Interviewed on WBAL radio about the recent murder of a Baltimore County police officer during a traffic stop involving four juveniles, Jane C. Murphy, the Laurence M. Katz Professor of Law in the University of Baltimore School of Law and director of its Juvenile Justice Project, says that failures in the state’s juvenile justice system may have played a role in the incident. Still, she adds, the deeper cause is rooted in what the accused perpetrators believed about themselves—and, she believes, this is where the system must produce results.
“There were some breakdowns in the system here,” Murphy said, citing the need for GPS tracking of juveniles who are in trouble with the law.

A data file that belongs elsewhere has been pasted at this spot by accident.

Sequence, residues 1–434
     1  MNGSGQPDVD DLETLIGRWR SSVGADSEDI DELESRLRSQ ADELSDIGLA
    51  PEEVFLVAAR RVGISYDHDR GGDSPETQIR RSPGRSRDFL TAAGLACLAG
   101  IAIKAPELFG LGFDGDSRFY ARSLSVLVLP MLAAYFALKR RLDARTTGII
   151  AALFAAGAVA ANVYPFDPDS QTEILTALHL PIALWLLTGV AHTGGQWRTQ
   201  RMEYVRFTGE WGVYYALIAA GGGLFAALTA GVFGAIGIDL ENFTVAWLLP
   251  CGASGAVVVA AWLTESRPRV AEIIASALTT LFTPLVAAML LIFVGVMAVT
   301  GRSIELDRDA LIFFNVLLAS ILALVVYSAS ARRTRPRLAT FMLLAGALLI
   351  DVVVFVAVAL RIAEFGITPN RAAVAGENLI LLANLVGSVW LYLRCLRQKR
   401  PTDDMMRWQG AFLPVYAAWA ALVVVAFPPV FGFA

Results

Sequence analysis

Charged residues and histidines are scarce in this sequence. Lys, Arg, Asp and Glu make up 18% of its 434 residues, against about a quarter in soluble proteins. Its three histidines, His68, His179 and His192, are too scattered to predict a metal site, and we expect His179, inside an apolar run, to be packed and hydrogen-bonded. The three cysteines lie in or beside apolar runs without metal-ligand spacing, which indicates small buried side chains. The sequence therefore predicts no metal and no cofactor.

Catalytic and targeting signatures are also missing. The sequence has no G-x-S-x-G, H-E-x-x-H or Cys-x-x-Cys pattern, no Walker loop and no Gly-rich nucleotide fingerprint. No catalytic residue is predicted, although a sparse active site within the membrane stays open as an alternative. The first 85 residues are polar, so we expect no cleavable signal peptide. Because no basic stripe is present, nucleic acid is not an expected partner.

Dawnta Harris, the 16-year-old charged with the murder of Officer Amy Caprio, has admitted to the court that he drove his vehicle at her during the stop. He had been placed on home detention following a string of car thefts and an escape from juvenile detention, but was missing before the incident. Three other youths in the car with him have been charged as adults with murder and burglary, according to media reports.
Prof. Murphy told WBAL that not only should flaws in the system be worked out, but larger conversations about how to prevent young people from becoming offenders need to take place.
“We need to begin to look at investment in kids as important to our public safety and national security as investments in the police and the military,” she said. “We need to value every child’s life in ways that make them feel they value their own life and the lives of others like officer Caprio.”
Read the WBAL article.
Learn more about Prof. Murphy.